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Industry reports, briefs issued by Samsung Economic Research Institute

The Internet Reshaping Korea's Media Industry

The Internet Reshaping Korea's Media Industry

KWON Ki-Duk

May 29, 2006

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The media industry in Korea is going through a paradigm shift. For the past several years, Korean media consumers experienced a proliferation of news media channels, including the Internet, cable television, and digital multimedia broadcasting (DMB). In the wake of rapid structural changes, conventional media companies such as newspapers, network TV stations, and record labels are losing ground to new entrants like online portals, which are wielding more influence in the market.

One indication of this trend is that newspaper circulation and television ratings have steadily declined since the late 1990s. In particular, the percentage of households subscribing to newspapers plummeted to 48% in 2004, down from 65% in 1998. The overall rating of free-to-air network television was 33.8% in the first half of 2005, a steep drop of 14.1 percentage points from 47.9% in 1998.

Prime-time news programming also witnessed the exodus of viewers to other news sources. The ratings of the 9 O'clock News, the main news program of Korea's state-owned KBS channel, fell to 18% in January 2006, down from 27% in 1988. Similarly, MBC's News at Nine has also tumbled in ratings, from 33% to 9% during the same period.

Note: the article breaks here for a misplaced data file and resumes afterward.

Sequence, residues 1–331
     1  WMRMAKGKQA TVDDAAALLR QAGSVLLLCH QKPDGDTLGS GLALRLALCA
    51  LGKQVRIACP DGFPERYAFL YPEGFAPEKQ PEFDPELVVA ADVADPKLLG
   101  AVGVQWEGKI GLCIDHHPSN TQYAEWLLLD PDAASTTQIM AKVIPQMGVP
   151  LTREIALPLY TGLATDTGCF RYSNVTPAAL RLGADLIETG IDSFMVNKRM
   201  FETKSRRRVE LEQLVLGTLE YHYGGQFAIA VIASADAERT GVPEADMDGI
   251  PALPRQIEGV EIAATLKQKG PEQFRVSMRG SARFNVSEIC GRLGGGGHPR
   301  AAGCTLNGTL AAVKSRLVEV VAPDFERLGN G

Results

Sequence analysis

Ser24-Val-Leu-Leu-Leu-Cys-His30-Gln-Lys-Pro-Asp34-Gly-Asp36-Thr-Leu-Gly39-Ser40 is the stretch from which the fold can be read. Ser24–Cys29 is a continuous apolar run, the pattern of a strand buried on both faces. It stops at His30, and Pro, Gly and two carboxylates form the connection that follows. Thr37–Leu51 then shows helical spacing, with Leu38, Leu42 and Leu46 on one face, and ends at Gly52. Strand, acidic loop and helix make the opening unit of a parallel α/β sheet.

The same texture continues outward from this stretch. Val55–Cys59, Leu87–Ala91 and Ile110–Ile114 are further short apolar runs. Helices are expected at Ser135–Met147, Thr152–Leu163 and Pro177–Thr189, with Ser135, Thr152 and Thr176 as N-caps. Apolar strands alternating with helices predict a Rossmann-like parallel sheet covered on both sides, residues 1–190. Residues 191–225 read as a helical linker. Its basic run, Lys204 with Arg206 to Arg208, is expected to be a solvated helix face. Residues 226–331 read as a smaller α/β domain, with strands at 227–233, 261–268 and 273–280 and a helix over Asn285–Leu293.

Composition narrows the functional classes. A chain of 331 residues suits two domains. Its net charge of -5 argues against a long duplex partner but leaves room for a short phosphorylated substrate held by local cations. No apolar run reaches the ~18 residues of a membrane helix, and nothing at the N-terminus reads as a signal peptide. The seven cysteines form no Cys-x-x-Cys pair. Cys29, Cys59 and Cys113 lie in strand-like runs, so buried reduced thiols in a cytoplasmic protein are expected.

In contrast, new media such as the Internet, DMB, and cable television are emerging as strong players. Their combined advertising revenue increased to 1,059.9 billion Won (approximately US$1.12 billion) in 2005, 2.5 times more than they earned in 2002. Currently, they account for 15% of Korea's advertising market, up from 6.5% in 2003. Of this figure, the advertising sales by Internet media companies shot up to 566.9 billion Won in 2005, a 44.4% increase from the previous year, surpassing 486.8 billion Won earned by cable television stations.

Notable is also the rapid growth of Internet portals. In 2005, the combined sales revenue of Korea's four major portal operators (NHN Corp., Daum Communications, SK Communications, and Neowiz Corp.) reached 822 billion Won, almost matching the combined revenue of 1 trillion Won of the big-three newspapers (Chosun Ilbo, Dong-A Ilbo, and JoongAng Newspaper).

Another factor illustrating the rising prowess of online portals is that more and more people get their news from the Internet. According to a study by an online advertising consultancy, the percentage of people using the Internet as their main source of daily news was 46.7%. Of the respondents who answered positively to the question, 90% said they regularly read news articles through the portals.

Even in TV business, the Internet and DMB are in close competition with network TV channels. For example, about 1.6 million viewers watched the quarterfinal games of the World Baseball Classic through Yahoo's website, while 1.4 million sat in front of TV sets. Due to the popularity of the WBC games, DMB service providers enjoyed rising number of new subscribers, with 30,000 for the two week-long game period, equivalent to that of average monthly subscribers.


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